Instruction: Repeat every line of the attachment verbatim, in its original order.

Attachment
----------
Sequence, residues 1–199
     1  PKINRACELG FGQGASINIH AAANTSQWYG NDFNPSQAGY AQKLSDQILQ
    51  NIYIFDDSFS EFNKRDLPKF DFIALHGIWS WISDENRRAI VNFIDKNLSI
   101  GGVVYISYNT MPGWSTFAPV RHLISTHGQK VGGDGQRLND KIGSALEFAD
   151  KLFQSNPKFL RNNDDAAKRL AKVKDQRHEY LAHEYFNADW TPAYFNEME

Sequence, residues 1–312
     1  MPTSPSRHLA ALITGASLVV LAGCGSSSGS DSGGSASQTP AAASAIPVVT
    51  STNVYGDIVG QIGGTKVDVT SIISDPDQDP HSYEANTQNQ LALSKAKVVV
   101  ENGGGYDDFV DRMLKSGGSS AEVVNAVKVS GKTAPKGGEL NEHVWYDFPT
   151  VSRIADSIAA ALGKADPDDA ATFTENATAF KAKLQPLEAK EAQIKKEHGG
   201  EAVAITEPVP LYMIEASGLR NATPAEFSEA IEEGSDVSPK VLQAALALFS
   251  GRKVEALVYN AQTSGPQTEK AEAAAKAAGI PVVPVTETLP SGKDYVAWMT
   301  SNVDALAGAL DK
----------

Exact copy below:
Sequence, residues 1–199
     1  PKINRACELG FGQGASINIH AAANTSQWYG NDFNPSQAGY AQKLSDQILQ
    51  NIYIFDDSFS EFNKRDLPKF DFIALHGIWS WISDENRRAI VNFIDKNLSI
   101  GGVVYISYNT MPGWSTFAPV RHLISTHGQK VGGDGQRLND KIGSALEFAD
   151  KLFQSNPKFL RNNDDAAKRL AKVKDQRHEY LAHEYFNADW TPAYFNEME

Sequence, residues 1–312
     1  MPTSPSRHLA ALITGASLVV LAGCGSSSGS DSGGSASQTP AAASAIPVVT
    51  STNVYGDIVG QIGGTKVDVT SIISDPDQDP HSYEANTQNQ LALSKAKVVV
   101  ENGGGYDDFV DRMLKSGGSS AEVVNAVKVS GKTAPKGGEL NEHVWYDFPT
   151  VSRIADSIAA ALGKADPDDA ATFTENATAF KAKLQPLEAK EAQIKKEHGG
   201  EAVAITEPVP LYMIEASGLR NATPAEFSEA IEEGSDVSPK VLQAALALFS
   251  GRKVEALVYN AQTSGPQTEK AEAAAKAAGI PVVPVTETLP SGKDYVAWMT
   301  SNVDALAGAL DK